Academic Convention Essay
When analyzing readings and writings of academic discourse, readings and writings found outside the college setting, there are common patterns and disciplines that are evident in these writings. In her essay titled “Teaching the Conventions of Academic Discourse” English professor Teresa Thonney argues that “there are shared features that unite academic writing and that by introducing these features to first year students we provide them with knowledge they can apply and refine in each new discipline they encounter”(Thonney 347). By saying this, she believes that showing these conventions to undergrad students, it will prepare them to read and write academic texts. In her essay, she discusses six standard moves that she finds while analyzing twenty-four research articles, articles which were randomly selected from peer-reviewed journals.
In order to validate Thonney’s claims, I will analyze an academic research paper titled “Is Fast Food Addictive?” published in Current Drug Abuse Reviews (2011), written by Andrea K. Garber who works in the Division of Adolescent Medicine at UCSF and by Robert H. Lustig who works in the Division of Pediatric Endocrinology at UCSF. In this research paper, Garber and Lustig argue that the consumption of fast food can be addictive, supporting this claim with evidence and data. In this essay, I will describe the overall structure of the text, referencing Thonney, and describe how it furthers Garber and Lustig’s argument. I will also identify and discuss three academic conventions that the authors incorporate as well as how these conventions influence the intended audience. This study illustrates claims made by Thonney and demonstrates that academic research papers to share common patterns and traits.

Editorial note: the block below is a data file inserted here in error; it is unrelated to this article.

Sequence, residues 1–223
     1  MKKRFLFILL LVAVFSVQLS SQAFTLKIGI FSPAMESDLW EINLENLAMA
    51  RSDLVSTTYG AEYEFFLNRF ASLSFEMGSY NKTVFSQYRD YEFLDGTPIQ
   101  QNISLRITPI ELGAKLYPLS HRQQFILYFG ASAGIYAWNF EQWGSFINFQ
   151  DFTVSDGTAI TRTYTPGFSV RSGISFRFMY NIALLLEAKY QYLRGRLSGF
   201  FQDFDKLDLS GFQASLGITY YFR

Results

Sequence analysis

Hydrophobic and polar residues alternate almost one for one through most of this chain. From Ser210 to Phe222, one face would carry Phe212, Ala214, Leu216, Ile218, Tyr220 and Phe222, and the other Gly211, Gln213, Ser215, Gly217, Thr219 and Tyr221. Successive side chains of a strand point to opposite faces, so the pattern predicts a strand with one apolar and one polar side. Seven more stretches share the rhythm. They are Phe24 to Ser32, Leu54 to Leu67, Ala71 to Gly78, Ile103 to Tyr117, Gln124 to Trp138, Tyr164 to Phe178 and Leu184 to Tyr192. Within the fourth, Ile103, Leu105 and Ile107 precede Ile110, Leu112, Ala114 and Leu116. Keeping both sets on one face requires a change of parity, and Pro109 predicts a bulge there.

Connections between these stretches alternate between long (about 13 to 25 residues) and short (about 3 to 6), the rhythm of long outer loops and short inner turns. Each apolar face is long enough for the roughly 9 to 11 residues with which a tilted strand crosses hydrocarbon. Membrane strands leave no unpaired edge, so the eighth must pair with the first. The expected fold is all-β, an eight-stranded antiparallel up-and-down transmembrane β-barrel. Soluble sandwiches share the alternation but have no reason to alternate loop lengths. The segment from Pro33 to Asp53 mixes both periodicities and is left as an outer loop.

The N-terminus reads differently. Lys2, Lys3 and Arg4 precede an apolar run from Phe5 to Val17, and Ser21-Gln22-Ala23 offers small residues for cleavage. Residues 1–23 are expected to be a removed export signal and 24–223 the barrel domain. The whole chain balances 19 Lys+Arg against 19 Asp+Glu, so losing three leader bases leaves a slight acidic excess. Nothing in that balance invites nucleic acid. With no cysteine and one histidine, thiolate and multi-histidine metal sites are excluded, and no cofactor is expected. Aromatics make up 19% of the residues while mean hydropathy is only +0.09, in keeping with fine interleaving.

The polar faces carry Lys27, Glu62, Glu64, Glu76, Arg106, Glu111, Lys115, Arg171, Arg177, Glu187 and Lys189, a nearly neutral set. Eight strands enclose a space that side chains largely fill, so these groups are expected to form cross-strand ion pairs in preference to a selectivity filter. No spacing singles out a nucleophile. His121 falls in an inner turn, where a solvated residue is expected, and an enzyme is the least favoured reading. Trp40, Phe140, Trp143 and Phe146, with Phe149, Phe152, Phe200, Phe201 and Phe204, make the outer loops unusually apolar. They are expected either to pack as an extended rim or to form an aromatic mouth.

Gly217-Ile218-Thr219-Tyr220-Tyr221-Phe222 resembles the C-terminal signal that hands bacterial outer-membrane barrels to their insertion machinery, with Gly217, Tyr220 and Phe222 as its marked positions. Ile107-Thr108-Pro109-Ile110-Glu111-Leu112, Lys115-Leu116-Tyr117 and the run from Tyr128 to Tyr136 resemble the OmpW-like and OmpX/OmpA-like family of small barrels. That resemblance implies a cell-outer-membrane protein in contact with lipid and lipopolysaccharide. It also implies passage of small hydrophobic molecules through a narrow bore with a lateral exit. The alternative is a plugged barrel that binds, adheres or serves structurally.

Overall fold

According to Thonney, “Academic writers emphasize evidence, often in tables, graphs, and images” (Thonney 356). Academic writing is mainly judged on the evidence provided, and these writers use various...
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